A Posteriori Error Analysis of the Discontinuous Galerkin Method for Two-Dimensional Linear Hyperbolic Conservation Laws on Cartesian Grids

Research output: Contribution to journalArticle

4 Scopus citations


In this paper, we provide the first a posteriori error analysis of the discontinuous Galerkin (DG) method for solving the two-dimensional linear hyperbolic conservation laws on Cartesian grids. The key ingredients in our error analysis are the recent optimal superconvergence results proved in Cao et al. (SIAM J Numer Anal 53:1651–1671, 2015). We first prove that the DG solution converges in the L2-norm to a Radau interpolating polynomial under mesh refinement. The order of convergence is proved to be p+ 2 , when tensor product polynomials of degree at most p are used. Then we show that the actual error can be divided into a significant part and a less significant part. The significant part of the DG error is spanned by two (p+ 1) -degree right Radau polynomials in the x and y directions. The less significant part converges to zero at O(hp + 2). These results are used to construct simple, efficient and asymptotically exact a posteriori error estimates. Superconvergence towards the right Radau interpolating polynomial is used to prove that, for smooth solutions, our a posteriori DG error estimates converge at a fixed time to the true spatial errors in the L2-norm at O(hp + 2) rate. Finally, we prove that the global effectivity indices in the L2-norm converge to unity at O(h) rate. Our proofs are valid for arbitrary regular Cartesian meshes using tensor product polynomials of degree at most p and for both the periodic and Dirichlet boundary conditions. Several numerical experiments are performed to validate the theoretical results.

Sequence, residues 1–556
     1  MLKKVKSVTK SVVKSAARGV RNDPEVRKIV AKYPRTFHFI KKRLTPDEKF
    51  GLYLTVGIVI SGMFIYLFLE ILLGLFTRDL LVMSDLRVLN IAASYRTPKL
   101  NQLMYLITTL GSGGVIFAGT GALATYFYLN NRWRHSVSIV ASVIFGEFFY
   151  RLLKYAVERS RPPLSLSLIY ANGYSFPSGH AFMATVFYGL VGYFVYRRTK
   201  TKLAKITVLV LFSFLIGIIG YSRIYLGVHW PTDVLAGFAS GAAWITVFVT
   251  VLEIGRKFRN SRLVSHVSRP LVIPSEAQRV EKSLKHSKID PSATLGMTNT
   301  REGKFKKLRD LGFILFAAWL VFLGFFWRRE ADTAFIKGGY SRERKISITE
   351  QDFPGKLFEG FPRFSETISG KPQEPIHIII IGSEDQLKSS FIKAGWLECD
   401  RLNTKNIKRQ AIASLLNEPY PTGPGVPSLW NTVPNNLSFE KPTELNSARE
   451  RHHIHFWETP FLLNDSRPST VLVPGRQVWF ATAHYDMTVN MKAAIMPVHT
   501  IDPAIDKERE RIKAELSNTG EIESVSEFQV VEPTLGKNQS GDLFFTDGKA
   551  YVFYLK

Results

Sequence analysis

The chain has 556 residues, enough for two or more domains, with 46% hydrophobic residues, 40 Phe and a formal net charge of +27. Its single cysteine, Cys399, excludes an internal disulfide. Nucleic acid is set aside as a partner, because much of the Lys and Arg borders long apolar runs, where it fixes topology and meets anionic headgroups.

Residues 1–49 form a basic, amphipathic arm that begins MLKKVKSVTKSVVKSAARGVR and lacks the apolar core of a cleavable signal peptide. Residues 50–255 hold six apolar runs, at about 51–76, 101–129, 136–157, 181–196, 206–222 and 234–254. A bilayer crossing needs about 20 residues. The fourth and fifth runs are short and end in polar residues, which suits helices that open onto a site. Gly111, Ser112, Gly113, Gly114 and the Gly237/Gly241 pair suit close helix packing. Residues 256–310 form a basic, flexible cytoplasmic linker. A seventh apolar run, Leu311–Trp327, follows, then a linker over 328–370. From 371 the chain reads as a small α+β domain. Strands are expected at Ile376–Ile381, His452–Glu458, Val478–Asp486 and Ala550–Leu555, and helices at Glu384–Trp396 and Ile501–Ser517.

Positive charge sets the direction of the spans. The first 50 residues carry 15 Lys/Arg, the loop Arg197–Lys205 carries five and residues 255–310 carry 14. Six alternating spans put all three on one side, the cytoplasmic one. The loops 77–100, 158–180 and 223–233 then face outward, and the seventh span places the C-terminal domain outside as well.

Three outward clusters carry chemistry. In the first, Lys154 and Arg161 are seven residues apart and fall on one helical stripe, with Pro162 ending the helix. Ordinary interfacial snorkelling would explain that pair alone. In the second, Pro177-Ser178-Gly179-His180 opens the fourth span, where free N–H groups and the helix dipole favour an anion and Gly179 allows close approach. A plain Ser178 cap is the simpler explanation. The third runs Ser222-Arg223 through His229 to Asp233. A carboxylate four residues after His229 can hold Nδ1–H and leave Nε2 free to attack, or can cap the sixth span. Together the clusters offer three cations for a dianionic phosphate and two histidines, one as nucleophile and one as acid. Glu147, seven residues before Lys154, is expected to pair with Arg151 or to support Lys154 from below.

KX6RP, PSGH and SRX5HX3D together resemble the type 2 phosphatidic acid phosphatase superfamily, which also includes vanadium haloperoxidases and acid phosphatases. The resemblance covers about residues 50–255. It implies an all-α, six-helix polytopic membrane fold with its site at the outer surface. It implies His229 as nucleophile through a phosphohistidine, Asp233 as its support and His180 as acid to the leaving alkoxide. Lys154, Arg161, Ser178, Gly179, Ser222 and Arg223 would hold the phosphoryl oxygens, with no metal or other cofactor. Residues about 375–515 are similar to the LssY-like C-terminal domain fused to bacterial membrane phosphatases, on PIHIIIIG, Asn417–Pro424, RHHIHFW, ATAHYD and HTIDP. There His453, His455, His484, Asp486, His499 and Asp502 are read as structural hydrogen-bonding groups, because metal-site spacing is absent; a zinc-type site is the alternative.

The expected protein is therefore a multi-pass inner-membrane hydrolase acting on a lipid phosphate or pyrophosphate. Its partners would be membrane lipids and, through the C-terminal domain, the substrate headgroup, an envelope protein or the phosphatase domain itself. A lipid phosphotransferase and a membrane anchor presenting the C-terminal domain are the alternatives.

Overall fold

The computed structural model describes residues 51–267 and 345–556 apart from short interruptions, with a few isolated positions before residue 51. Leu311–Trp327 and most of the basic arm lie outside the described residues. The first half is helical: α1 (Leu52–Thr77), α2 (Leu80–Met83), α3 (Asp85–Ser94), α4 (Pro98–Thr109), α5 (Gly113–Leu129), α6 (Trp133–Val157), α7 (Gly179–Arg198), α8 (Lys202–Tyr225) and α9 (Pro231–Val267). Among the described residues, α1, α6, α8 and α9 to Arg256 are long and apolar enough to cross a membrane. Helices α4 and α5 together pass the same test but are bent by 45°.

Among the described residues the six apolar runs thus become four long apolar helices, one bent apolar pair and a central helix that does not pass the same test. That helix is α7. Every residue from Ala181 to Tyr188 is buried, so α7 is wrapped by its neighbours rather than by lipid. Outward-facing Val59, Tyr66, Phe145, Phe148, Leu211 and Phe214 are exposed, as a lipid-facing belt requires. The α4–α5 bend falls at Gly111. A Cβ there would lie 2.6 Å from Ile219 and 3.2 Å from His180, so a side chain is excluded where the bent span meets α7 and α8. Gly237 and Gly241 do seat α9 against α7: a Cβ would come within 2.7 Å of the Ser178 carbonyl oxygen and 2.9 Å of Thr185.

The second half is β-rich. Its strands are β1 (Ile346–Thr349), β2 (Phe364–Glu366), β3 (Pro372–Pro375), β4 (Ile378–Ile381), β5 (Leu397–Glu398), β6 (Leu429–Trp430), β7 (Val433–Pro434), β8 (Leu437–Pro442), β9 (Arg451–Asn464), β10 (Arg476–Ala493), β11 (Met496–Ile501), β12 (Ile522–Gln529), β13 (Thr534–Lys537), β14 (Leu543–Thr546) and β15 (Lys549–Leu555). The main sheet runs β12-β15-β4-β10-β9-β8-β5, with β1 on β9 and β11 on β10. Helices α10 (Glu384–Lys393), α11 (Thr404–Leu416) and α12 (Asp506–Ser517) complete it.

Original languageEnglish (US)
Pages (from-to)945-974
Number of pages30
JournalJournal of Scientific Computing
Issue number3
Publication statusPublished - Sep 1 2016



  • A posteriori error estimates
  • Cartesian grids
  • Discontinuous Galerkin method
  • Hyperbolic problems
  • Superconvergence

ASJC Scopus subject areas

  • Software
  • Theoretical Computer Science
  • Numerical Analysis
  • Engineering(all)
  • Computational Theory and Mathematics
  • Computational Mathematics
  • Applied Mathematics

Cite this